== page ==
Step One

We admitted we were powerless over
our compulsive behavior with food ~
that our lives had become unmanageable.




STEP ONE, PART 2 - "POWERLESSNESS"

Hi. I'm Penny, a compulsive eater and food addict.

I shared earlier that I resisted the idea of being "allergic" to certain foods for a long time. Surrender finally came when I got sick and tired of being sick and tired. Actually, my surrender had more to do with the relationship between being powerless over food and the unmanageability of my life. I was commuting to school, and the afternoon train didn't get me home until after 7. But I had eaten lunch at about 12, and since I was eating 3 meals a day with nothing in between, I was STARVING by the time I got home. So I would buy dinner and eat on the train. Sounds lovely, no?

I had heard OA's talk about their response to certain foods, but I was afraid to explore my own reaction. When I did, when I finally became willing to listen to others, abstinence and Step 1 became part of my life. Here's what I learned.

I am powerless over both the compulsion to eat and the craving/obsession for food. Powerlessness over the compulsion implies a physical response. The best way I can describe this is by the analogy to my severe allergy to cats. I love cats, but when I get near them I wheeze, itch, stop breathing. It doesn't matter what kind of cat it is or how sweet it is; that's my reaction. My body takes over. There are certain foods that set off my food "allergy"/compulsion to binge. When I eat them, my body reacts, and I crave more, even if I am full to bursting. To an extent, I respond this way to *all* foods; binge eating creates a physical need to continue to binge. The full feeling doesn't stop me, in fact, it makes me want more. Bizarre.

My particular binge/trigger foods are: flour, sugar, alcohol, grapes, raisins, peanut butter, nuts, seeds, cherries, diet desserts. Some foods don't have that trigger impulse depending on the form: prepackaged or part of a mix. But put them by themselves in a bowl or unplanned, and the first one will set me off and I will not stop.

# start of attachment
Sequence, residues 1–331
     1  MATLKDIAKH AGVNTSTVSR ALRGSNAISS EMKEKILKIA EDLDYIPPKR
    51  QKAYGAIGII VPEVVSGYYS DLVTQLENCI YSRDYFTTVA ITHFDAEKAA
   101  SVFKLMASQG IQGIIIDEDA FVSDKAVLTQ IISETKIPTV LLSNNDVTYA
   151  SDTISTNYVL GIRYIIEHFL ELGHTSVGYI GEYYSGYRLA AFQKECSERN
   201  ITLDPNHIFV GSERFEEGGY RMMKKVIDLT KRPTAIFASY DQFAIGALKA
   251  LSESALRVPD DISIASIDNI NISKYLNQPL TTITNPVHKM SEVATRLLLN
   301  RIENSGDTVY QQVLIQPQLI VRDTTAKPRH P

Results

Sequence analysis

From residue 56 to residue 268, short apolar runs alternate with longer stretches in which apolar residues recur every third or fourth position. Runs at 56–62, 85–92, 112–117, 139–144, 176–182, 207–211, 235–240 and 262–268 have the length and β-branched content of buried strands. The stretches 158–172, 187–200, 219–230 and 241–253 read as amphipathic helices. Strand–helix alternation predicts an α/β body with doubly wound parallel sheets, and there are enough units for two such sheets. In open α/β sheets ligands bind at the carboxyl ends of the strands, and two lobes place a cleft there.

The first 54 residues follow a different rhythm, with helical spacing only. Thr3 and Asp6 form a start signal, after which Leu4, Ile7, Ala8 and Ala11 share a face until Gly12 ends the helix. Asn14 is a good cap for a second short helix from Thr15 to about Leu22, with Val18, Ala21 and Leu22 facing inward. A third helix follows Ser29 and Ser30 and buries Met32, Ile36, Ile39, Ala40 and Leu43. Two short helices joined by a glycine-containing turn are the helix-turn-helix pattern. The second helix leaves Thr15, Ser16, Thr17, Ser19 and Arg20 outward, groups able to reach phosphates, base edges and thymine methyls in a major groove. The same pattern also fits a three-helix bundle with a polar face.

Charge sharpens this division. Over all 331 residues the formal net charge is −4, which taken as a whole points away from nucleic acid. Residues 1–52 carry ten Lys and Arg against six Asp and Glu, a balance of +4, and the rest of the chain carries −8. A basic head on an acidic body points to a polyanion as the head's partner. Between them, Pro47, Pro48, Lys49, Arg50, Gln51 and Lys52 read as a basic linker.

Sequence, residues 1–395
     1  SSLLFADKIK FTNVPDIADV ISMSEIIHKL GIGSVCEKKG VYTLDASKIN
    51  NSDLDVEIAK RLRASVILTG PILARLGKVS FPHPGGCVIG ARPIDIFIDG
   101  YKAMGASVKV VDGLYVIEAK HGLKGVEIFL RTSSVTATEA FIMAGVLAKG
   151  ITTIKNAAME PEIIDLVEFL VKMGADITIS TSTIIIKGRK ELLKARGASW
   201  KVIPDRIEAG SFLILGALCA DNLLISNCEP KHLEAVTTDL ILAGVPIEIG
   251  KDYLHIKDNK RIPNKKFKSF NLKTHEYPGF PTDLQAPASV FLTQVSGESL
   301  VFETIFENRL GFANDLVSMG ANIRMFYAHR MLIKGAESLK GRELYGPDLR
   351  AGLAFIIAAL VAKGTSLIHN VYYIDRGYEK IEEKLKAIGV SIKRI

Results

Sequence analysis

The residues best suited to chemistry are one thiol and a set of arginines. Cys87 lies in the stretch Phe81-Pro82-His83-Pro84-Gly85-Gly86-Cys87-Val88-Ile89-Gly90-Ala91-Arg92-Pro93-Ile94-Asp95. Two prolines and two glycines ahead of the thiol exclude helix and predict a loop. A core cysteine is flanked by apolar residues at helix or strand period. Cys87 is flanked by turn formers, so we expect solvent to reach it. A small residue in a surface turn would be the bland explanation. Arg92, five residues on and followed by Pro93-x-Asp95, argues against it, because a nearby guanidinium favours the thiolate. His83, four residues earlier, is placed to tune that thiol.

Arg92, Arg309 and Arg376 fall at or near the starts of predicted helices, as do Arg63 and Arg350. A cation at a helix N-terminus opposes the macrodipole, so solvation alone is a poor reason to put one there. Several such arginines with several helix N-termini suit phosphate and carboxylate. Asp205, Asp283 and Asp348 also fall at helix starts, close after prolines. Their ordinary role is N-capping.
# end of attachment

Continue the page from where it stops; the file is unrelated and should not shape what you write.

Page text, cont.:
While recognizing my trigger foods was essential to admitting powerlessness - the only missing and vital element is *honesty.* Without being rigorously honest, admitting powerlessness is nothing more than an ideal.

Then there's the obsession, the mental part of powerlessness. It manifests itself in so many ways. When I was dieting, I felt deprived and thought constantly about my next meal and how much weight I was losing. I loved being thin; it meant power and control. Remember my magical thinking about being thin? Thin meant I could eat whatever I wanted and not gain weight. When I was fat and bingeing - I was always either bingeing or starving; "maintenance" was meaningless - all I thought about was getting more food. I tried to block out the thoughts, but I couldn't get rid of them. My brain seemed to have been taken over by a malevolent force. Food was how I responded to life.

There's a saying: when a car battery dies, the normal person calls AAA. The compulsive eater/food addict calls the takeout restaurant.

Admitting I was powerless over food involved getting honest about the physical and mental components of my disease and acknowledging that by myself I was not able to stop these two responses. That acknowledgment - or lack thereof - is the spiritual aspect of this disease and the recovery.

Next up: what's life got to do with it?


Questions for journaling and sharing:

1. Make a list of your trigger foods. What do you think about your list? How do you feel about not eating these foods? Are you willing to give them up one day at a time?

2. Are there foods you can safely eat in one form (i.e., my prepackaged servings) but not another? What's the difference?

3. How does the mental obsession manifest itself in your life?

Yours in recovery,

Penny, Step Leader
WTS 2002 Study, 2nd Quarter


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